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Man kills cougar before it attacks

By Tim Trainor

EO Media Group

Published on April 22, 2016 12:10PM

Malvin Jamison shot and killed this cougar April 11 on the Umatilla Indian Reservation before it attacked him.

Photo courtesy Malvin Jamison

Malvin Jamison shot and killed this cougar April 11 on the Umatilla Indian Reservation before it attacked him.


Malvin Jamison knew it was a life or death moment. Fox? Coyote? Cougar. As it leaped toward him he pulled the trigger.

Jamison, 53, is an enrolled member of the Confederated Tribes of the Umatilla. He works for the Tribes as a fisheries technician and describes himself as an avid outdoorsman. He has hunted nearly every game animal Eastern Oregon has to offer — duck, pheasant, chukar, deer, elk and plenty of turkeys.

He has a favorite spot to go for gobblers, a canyon in the foothills of the Blue Mountains on the reservation — that’s as detailed as Jamison will be about the exact location of his encounter.

He went up to that spot to hunt turkey on April 11, waking before dawn and leaving the house before his wife woke up. He didn’t tell anyone where he was going — a big mistake for such a seasoned outdoorsman — but hoped he would be back home with a bird in hand before his wife had gotten out of bed.

He got to his first spot, about a half mile walk from where he left his vehicle, and began to imitate the sounds of female turkeys, a trick used by hunters to draw big males within rifle range. He was dressed head to toe in camouflage and he had set out a fan — a decoy made to resemble splayed-out turkey feathers that can make wary birds more comfortable to approach.

He called for about 30 minutes, then walked another quarter mile to a spot where he has had success in the past. He sat under a group of hawthorn trees and started another series of calls. After 10 or 15 minutes, he heard a quiet response from about 500 yards up the canyon.

So he put a little more volume in his calls, and sure enough there was an answer. This time it was closer. Maybe 300 yards. Soon enough the responder was “gobbling his head off” 200 yards away, still out of sight but easily heard. Then 100 yards.

Jamison’s instincts keyed in. Turkeys can cover that last 100 yards pretty quick if they think an interested female is right over the next ridge.

The excitement rose as he put his hand on his gun, then his finger on the safety, and brought the gun up.

“I was sitting, just waiting. Scanning the brush for any kind of movement,” he said.

The turkey went quiet. The wait only increased the intensity. He described himself as hyper alert.

“Then boom, I see something move,” said Jamison.

Whatever it was, it didn’t have feathers. Jamison’s first thought was that it was a fox. It was too big, though. A coyote? Still too big. Then it clicked: It was a cougar, and it had pounced off the ridge onto his decoy about 25 feet away. The cougar jumped at the fan then turned toward Jamison’s spot in the trees — where those turkey noises had been coming from. Jamison said the whole experience took about 2 seconds. The cat jumped down, turned toward him, charged. Jamison had his rifle at the ready and he estimated the cat was only a foot away from his barrel when he fired into its front left shoulder.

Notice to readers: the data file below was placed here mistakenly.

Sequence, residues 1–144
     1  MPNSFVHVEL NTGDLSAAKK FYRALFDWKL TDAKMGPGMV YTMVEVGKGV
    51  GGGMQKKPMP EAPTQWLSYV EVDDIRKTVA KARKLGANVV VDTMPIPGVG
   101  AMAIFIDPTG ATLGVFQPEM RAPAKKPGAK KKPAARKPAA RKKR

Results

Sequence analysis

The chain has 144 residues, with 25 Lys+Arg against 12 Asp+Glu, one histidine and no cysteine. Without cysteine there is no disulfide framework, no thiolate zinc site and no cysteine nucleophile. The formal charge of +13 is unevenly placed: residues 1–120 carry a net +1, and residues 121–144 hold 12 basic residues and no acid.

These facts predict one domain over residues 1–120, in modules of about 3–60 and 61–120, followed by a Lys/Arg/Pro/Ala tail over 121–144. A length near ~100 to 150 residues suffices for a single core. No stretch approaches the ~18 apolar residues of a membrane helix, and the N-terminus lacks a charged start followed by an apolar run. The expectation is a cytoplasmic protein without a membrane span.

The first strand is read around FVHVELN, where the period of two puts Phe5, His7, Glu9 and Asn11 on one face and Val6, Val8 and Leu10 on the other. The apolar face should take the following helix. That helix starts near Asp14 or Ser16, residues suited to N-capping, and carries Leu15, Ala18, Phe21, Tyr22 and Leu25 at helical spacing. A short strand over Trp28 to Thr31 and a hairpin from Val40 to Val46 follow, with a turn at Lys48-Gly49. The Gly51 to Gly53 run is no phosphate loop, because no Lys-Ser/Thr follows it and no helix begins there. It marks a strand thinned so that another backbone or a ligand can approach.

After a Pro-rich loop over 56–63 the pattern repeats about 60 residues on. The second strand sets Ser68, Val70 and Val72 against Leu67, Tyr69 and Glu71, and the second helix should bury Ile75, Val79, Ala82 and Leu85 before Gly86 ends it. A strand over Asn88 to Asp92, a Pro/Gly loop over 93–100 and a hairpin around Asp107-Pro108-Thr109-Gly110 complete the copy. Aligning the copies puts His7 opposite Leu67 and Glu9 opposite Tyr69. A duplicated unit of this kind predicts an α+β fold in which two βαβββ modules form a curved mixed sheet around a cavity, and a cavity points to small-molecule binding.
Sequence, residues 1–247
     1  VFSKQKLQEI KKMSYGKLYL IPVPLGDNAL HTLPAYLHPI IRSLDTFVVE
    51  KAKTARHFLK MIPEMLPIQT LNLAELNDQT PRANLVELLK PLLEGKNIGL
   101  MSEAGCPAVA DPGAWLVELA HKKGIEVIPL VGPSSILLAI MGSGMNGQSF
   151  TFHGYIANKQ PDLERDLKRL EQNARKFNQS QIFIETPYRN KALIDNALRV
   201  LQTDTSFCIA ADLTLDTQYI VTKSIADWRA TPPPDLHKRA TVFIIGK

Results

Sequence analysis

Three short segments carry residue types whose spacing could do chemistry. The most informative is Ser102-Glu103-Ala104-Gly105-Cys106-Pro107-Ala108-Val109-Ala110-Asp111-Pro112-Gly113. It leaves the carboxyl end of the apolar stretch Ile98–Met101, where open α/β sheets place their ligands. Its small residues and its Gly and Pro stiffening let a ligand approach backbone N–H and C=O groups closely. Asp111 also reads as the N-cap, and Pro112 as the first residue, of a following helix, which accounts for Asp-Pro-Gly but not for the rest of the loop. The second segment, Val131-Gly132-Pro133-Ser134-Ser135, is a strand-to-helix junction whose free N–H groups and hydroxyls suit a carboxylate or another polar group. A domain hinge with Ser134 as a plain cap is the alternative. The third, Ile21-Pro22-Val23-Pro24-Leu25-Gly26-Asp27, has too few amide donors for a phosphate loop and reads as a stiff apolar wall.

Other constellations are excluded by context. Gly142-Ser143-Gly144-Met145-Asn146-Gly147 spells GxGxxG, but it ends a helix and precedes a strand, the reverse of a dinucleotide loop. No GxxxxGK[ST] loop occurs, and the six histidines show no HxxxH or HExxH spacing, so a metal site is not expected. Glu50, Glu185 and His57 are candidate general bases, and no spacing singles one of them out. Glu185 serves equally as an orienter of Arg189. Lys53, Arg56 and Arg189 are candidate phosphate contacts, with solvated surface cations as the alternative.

“I was falling backwards as I touched off the shot,” he recalled. “I thought it was going to land on me. I ended with my elbows up ... and then nothing.”

He looked up, saw no cat and no blood. He was so shook he scurried back to the car and drove right to the CTUIR’s natural resources office to talk with program manager Carl Scheeler. Jamison purchased a cougar tag within 72 hours of his kill, which is the rule for tribal hunters on the reservation, and went back to the scene with friends to see if he could find it.

It didn’t take long. Just 25 yards from where Jamison had shot the cat, it lay dead in a pile of brush. It was a female weighing about 110 pounds. It had a puncture and exit wound in its left shoulder, each one burned and almost cauterized, which showed how close the animal had been to the end of the barrel.

Jamison said he doesn’t eat cougar, but friends do and they butchered the animal. Jamison said he will keep the skull and paws and will probably make a necklace out of the claws.

He remains traumatized by the event.

“I just keep seeing that face and paws. Keep seeing it coming at me .... It was a rough couple days. I couldn’t tell the story hardly, because of the intensity of the experience. It was a life and death test. It was no joke. I got put on a different level of life than everybody else that day.”

He said there is no doubt in his mind that if he didn’t pull the trigger and connect, he wouldn’t have survived.

“It was certain,” he said. “There was no guessing about that. It was going to kill me.”



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